Karim El Assal
Karim El Assal is a system integrator in the Networks department with a focus on system architectures, ensuring quality and flexible systems. In addition, he leads TNO's Coding Guild and Open Source Strategy and is the president of Jong TNO.
“In Networks, we work on a daily basis on improving digital networks. Additionally, we’re involved in the media which is sent via these, such as virtual reality, augmented reality and the new means of communication that these altered realities enable. That last part is where I come in. I’m now working hard on a large project called ERP Social XR, in which I lead the software development at the integration level. This is about linking components that are developed individually, such as the recording, distribution and displaying of 3D video.
By integrating these, we can realise the entire pipeline from camera to display. Initially, it’s all about business applications, especially for meetings. Examples include meetings in which you can look at a 3D object together or really want to feel like you’re in the same room. But there’s also healthcare applications, through which can you be ‘in the room’ with the elderly, so to speak. Or ‘remote expertise’, where you allow an expert to be present virtually.”
From today's film to tomorrow's world
“I first did a bachelor’s in Advanced Technology at the University of Twente, followed by a master’s in Computer Science with a focus on Software Technology and Data Science. I began working at TNO immediately afterwards. I came across TNO in 2017 at the Career Days in Utrecht. Shortly after, I received an email from one of the recruiters asking whether they could send my CV around to various managers.
The manager in Networks was immediately interested. I went into the interview with an open mind, but as a software specialist I did wonder: what can I do at a networks department? That was, until he told me about the Social XR projects. I was enthusiastic right away as I like turning science fiction into reality. Extended reality is one of the steps that will ensure that we can live in a future which we now see in films.”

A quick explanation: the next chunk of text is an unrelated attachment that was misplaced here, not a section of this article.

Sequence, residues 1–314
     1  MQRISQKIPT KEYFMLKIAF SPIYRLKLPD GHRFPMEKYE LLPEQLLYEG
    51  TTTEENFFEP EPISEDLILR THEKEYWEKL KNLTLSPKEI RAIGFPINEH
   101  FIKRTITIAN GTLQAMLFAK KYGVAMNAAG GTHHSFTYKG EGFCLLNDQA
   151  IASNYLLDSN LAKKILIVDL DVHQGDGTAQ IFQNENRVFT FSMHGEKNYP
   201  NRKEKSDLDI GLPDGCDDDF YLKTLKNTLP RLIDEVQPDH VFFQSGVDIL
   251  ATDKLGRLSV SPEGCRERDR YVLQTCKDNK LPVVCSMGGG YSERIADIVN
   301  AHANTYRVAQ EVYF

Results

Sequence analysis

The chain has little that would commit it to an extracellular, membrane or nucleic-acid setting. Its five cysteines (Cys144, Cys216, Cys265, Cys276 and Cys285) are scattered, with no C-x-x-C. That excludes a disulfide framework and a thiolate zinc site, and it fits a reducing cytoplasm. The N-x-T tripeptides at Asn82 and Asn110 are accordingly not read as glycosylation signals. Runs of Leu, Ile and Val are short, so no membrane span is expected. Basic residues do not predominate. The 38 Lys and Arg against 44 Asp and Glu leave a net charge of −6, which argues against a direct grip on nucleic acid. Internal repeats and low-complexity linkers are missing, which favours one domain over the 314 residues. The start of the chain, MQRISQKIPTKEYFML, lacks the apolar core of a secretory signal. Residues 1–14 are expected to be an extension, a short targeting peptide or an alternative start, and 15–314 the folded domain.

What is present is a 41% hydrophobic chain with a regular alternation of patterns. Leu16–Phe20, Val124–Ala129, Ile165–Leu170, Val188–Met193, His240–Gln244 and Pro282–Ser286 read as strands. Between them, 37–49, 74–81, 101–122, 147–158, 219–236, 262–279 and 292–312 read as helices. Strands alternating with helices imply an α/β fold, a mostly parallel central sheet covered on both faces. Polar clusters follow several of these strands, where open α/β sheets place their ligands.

Find your own place
“On top of that, innovation is central at TNO, as is the desire to contribute something to society. That’s the kind of organisation I want to work for. The size of the organisation also played a part: it offers so many opportunities to actually shape innovation. And TNO’s flexibility appealed to me immediately: you can choose when you work and what you work on. When you’re just starting out, you have to find your feet because things are not automatic here.
At TNO, they don’t say: here’s a job, go and work on it for 40 hours a week. You have to find your place yourself. To me, that’s completely positive as it gets you to where you want to be. That focus on what you want for yourself is something I really like. You can simply say no to a project, not that I often do so. Instead, you’re asked for the projects you want to be asked for because you’ve shown yourself to be enthusiastic about the subject.”
Thinking about the long term
“I look back on a working day with satisfaction when I’ve been able to fully orchestrate how my day looked while also achieving a lot in collaboration with others. My work revolves around managing software development, but I’m also the open-source manager of the entire unit ICT and Strategy & Policy. Networks is one of the ten departments of this unit. Together, we’ve opted for a more open-source strategy in projects where this is possible. I help guide the projects that now want to work open source. This involves more than just making the results public; there’s more to it than that if you want to do it well.
My job is to connect people so that they don’t all have to reinvent the wheel. Of course, there are differences in project content, funding, commercial interests and legal aspects, so the outcomes are not all the same. But by giving people a roadmap, they can still follow a structured path. What do I want in the future? I want to be a manager of a team that turns visionary technologies into reality. I’m not sure on which level exactly, but TNO is giving me all the space I need to figure this out.”